- Learn and practice the set language, the notations of Venn diagrams, and absolute values to ace your upcoming Cambridge IGCSE Mathematics exams!

The Cambridge IGCSE mathematics curriculum consists of the concepts of sets and absolute value. Therefore, it is important to be well-versed in these concepts if you are sitting for the Cambridge IGCSE Mathematics examination. Please view the video at the end of this blog post for a visual explanation of the following concepts and practice questions.

**Set Language And Notations Of Venn Diagrams**

Set language is a language that is used to define sets and describe relationships between different types of sets in mathematics. The set language is based on mathematical symbols and is used to denote various mathematical concepts like functions and relations.

In simple terms, sets are used to organize and group things together in mathematics. You can think of sets as a container holding many objects. These objects are known as elements or numbers of the set. It is important to note that the elements in a set should be unique, you can’t have the same element in the same set twice.

Different types of sets and their relationships are visually represented via Venn diagrams. The notation in Venn diagrams includes overlapping circles that represent sets and the area of overlap between the circles represents the relationship between the sets.

Let’s take a look at a few common notations used in Venn diagrams:

**Union**

The union of two sets is a set that contains elements from both sets. In Venn diagrams, it is represented by the whole area enclosed by the two circles including the area the circles overlap. The symbol that denotes a union is ‘U’.

For example, if A and B are two sets, the union of A and B is the new set or area that contains elements from both A and B plus the elements in each individual set. As in the snippet below, the union of A and B is the whole area that’s highlighted in green.

**Intersection**

The intersection of two sets in a Venn diagram is the area that has only the elements common to both sets. The symbol of an intersection is denoted by an **upside-down **‘U’ – **‘n’.**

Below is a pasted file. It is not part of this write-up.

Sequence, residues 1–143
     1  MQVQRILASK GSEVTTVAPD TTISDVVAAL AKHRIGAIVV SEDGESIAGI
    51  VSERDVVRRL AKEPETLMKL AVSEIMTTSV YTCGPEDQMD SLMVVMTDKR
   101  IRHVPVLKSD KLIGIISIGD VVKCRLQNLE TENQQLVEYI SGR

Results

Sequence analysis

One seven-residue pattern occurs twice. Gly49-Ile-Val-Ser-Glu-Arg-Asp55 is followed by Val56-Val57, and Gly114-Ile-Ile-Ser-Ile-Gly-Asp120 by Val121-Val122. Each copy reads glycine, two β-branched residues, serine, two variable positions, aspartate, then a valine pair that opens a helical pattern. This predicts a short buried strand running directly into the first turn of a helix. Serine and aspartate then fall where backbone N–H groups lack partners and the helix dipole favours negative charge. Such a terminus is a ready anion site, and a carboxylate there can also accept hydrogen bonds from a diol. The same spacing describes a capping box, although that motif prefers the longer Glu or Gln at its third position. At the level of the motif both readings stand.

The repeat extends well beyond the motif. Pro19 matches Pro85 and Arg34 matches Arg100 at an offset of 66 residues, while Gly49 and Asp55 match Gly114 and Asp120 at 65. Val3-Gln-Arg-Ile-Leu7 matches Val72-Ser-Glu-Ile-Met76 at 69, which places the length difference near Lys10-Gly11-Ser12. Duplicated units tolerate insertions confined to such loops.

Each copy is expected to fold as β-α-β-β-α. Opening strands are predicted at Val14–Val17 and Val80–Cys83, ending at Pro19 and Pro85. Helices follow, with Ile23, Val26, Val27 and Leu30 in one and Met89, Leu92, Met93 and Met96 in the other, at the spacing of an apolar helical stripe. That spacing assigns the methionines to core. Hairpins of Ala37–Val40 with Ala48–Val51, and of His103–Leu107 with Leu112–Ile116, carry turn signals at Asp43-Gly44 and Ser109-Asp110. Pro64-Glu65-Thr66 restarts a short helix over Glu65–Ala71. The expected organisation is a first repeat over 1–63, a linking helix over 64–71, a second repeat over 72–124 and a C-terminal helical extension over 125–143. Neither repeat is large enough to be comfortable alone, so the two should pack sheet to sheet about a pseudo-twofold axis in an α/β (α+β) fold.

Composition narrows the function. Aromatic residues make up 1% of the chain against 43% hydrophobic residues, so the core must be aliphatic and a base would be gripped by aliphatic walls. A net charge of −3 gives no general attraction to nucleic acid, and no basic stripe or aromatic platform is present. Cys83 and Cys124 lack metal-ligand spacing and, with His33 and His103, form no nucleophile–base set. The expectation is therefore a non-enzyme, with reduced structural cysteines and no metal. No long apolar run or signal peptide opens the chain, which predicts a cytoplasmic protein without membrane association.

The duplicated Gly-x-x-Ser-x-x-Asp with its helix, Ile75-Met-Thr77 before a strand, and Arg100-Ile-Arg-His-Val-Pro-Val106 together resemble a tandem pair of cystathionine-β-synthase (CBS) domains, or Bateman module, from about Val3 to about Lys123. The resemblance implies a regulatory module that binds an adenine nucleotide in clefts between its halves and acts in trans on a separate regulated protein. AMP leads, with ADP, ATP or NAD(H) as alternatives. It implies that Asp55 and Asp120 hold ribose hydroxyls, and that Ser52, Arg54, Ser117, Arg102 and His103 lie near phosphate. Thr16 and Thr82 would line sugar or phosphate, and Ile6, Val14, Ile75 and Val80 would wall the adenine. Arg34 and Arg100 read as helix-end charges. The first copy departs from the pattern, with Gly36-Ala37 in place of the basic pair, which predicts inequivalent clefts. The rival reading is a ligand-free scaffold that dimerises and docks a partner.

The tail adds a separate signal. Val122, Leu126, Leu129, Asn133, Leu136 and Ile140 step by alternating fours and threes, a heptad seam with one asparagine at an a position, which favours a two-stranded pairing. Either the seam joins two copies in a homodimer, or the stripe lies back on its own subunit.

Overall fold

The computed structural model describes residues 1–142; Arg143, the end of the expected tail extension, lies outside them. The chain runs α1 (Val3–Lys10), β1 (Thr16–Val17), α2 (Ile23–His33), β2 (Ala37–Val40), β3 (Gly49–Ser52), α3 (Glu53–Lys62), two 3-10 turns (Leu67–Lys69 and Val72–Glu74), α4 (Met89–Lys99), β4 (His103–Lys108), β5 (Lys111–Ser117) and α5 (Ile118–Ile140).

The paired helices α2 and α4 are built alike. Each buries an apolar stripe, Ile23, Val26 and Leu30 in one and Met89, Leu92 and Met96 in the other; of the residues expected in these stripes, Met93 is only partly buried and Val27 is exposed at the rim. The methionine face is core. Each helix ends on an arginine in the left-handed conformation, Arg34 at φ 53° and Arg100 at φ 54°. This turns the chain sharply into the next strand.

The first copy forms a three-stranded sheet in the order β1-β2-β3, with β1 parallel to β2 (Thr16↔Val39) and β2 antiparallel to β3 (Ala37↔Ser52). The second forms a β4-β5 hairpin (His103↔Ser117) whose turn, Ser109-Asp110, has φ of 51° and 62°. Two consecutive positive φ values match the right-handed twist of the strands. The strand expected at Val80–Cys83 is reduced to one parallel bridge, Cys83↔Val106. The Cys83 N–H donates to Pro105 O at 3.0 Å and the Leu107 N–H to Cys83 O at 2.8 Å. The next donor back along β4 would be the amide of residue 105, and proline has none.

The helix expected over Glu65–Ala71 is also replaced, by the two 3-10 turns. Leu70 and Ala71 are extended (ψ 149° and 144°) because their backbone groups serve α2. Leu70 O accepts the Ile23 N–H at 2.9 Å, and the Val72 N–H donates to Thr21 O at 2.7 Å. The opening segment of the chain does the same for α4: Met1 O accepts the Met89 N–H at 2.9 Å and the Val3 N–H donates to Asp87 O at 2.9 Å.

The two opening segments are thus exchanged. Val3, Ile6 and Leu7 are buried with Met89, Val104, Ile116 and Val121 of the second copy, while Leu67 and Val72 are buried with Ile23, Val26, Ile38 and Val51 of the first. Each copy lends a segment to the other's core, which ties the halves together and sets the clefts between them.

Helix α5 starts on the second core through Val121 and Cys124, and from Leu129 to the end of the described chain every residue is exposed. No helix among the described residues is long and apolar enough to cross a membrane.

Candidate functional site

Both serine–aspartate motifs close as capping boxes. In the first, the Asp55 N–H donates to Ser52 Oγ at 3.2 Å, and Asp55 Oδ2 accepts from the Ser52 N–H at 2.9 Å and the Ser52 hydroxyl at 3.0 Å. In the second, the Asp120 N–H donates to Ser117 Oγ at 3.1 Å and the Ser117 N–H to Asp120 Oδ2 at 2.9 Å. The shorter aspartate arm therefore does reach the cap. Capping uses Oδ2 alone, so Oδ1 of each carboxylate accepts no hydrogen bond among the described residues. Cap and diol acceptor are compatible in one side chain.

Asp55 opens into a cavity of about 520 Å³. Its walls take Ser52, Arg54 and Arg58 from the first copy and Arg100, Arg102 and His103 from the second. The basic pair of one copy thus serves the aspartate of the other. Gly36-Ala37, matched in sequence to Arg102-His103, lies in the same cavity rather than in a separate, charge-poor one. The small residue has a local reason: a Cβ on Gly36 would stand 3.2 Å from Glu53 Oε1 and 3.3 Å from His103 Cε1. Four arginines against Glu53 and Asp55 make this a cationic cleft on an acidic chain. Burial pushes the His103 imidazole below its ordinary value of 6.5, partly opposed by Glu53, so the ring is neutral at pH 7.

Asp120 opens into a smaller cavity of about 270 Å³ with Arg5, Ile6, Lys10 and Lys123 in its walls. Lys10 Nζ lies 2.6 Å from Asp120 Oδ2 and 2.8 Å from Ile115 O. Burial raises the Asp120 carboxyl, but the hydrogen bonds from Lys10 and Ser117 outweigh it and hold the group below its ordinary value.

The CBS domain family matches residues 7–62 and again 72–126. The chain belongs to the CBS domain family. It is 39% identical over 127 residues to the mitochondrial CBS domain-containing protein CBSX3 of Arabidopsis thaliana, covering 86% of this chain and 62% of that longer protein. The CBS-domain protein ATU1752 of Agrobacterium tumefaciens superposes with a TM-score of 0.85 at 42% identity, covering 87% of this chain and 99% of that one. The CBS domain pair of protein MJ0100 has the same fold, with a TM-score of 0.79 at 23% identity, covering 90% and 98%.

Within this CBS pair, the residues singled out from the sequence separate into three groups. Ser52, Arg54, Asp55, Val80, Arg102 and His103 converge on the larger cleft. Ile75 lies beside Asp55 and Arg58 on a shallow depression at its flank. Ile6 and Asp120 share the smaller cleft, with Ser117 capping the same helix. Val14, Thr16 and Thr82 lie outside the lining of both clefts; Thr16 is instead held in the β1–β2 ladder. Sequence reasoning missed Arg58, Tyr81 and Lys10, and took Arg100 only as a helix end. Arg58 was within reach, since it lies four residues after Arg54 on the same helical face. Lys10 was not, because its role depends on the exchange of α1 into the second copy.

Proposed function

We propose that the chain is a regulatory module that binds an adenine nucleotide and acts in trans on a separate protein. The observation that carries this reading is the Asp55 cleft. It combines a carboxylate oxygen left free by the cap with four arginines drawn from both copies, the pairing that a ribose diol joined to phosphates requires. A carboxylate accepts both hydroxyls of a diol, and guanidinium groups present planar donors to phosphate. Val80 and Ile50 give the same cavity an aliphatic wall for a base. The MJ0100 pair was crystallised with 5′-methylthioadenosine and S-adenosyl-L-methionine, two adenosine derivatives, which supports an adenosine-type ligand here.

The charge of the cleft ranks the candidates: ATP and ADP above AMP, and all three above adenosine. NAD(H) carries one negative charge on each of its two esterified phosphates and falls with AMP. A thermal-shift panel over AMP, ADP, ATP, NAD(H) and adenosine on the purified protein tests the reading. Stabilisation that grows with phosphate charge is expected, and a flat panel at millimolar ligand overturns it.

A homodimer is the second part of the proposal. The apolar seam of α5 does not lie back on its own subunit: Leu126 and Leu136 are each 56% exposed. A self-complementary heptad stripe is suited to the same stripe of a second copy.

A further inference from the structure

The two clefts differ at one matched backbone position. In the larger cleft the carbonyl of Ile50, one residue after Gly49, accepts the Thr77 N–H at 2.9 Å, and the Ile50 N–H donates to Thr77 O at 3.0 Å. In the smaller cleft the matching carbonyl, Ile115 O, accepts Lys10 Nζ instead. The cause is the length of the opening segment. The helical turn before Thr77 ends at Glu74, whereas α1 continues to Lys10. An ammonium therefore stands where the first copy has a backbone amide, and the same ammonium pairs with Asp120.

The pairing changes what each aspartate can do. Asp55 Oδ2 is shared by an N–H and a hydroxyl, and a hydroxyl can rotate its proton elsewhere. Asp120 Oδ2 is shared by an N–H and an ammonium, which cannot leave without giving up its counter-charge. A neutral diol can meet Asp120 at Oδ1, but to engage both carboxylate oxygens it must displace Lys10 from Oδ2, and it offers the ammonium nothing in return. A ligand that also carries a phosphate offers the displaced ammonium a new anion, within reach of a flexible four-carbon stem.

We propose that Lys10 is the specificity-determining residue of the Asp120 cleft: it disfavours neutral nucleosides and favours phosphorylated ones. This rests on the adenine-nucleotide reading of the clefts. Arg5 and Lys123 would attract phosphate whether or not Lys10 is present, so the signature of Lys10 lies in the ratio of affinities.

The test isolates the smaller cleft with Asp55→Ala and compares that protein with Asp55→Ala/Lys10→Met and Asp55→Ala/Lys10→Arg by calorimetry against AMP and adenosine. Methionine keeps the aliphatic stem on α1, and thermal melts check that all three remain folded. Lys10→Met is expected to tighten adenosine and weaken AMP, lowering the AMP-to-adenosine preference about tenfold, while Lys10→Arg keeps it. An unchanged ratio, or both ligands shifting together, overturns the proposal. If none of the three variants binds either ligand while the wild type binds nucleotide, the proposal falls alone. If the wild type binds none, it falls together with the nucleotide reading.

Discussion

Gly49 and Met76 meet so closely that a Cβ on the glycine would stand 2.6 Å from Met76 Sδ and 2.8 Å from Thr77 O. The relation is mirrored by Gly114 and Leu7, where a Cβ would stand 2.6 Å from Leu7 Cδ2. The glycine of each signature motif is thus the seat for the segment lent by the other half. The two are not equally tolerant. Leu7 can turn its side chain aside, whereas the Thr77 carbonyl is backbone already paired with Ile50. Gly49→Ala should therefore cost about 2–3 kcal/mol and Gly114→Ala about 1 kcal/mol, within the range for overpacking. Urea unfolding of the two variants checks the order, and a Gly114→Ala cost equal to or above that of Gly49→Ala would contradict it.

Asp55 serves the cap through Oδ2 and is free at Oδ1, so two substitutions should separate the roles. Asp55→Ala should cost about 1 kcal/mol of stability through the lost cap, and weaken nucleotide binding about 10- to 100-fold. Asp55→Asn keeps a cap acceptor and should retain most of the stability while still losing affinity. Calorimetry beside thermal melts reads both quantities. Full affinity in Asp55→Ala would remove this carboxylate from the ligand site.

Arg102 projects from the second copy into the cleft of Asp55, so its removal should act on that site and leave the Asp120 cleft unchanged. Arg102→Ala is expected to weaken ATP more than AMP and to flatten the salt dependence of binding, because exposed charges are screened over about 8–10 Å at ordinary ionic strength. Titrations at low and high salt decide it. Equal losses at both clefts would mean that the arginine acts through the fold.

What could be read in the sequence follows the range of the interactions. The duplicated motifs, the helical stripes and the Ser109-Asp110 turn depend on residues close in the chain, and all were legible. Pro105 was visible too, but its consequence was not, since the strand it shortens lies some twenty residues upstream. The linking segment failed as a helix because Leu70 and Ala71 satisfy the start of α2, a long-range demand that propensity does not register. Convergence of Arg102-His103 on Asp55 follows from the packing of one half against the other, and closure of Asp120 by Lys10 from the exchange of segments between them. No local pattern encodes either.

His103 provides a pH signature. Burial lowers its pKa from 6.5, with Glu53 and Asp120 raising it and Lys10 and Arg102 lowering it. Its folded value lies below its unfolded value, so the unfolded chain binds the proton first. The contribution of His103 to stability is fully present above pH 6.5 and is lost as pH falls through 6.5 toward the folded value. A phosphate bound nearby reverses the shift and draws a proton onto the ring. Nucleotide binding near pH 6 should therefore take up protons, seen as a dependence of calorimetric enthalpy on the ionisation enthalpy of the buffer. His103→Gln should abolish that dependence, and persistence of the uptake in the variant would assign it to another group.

For example, if A and B are two sets, the intersection of A and B is the area that contains only elements from both sets A and B. As in the snippet below, the intersection of A and B is the area highlighted in green.

**Subset**

The subset in a Venn diagram is a set of elements within another set. In a Venn diagram, this is typically represented by a circle that is completely contained within another circle. In simple terms, the smaller circle denotes the subset and the bigger circle represents the set that contains the subset. The symbol that denotes a subset is a slightly long c [refer to the image below].

For example, if A and B are two sets and if A is contained within B, we can say that set A is a subset of set B. Please refer below for a visual representation of this:

**Member / Element**

The member symbol is also known as an ‘element’ and it represents an individual element that is part of a set. This notation is denoted by an E with a line through it – it’s very similar to the Euro currency sign.

For example, if we have a set X that contains a, b, c, and d, we can say that a is a member of X, b is a member of X, C, is a member of X, and so on. The snippet below shows a visual representation of this.

**Complement**

The complement notation is denoted by an apostrophe sign (‘).

This notation basically represents the elements that are not part of a given set. For example, if we have a set ‘A’ that contains the items a,b,c, and d, the complement of set A are the elements that are not in set A.

In the following snippet, the complement of A [ A’ ] is the area that is shaded in green.

**Universal Set**

The universal set is defined as the set that contains all the elements being considered in a particular problem. For example, if we are comparing the sets ‘cars’ and ‘buses’, the universal set would be ‘all vehicles’.

In Venn diagrams, a universal set is represented by a large rectangle or square that contains all circles representing the sets being compared. Refer to the following image for a visual representation of this:

**Number of / Number of Elements**

This notation is used to represent the number of elements in a given set. The symbol that is used to denote this is n (A).

**Empty Set**

An empty set is a set that contains no elements. This is generally represented by a circle with a diagonal line drawn through it.

**Absolute Value**

The absolute value of a number is a value that represents the positive value of a number [the non-negative value]. In simple terms, the absolute value of a positive number is equal to the number itself and the absolute value of a negative number is equal to the positive value of that same number.

For example, the absolute value of 6 is 6 and the absolute value of – 6 is also 6.

The key to successfully passing your Cambridge IGCSE Maths exams is to practice thoroughly under exam conditions. Tutopiya’s online learning platform is designed especially for this purpose. You can study this particular sub-topic using our resources and thereafter attempt the quiz on our question bank to see how well you do. Good luck!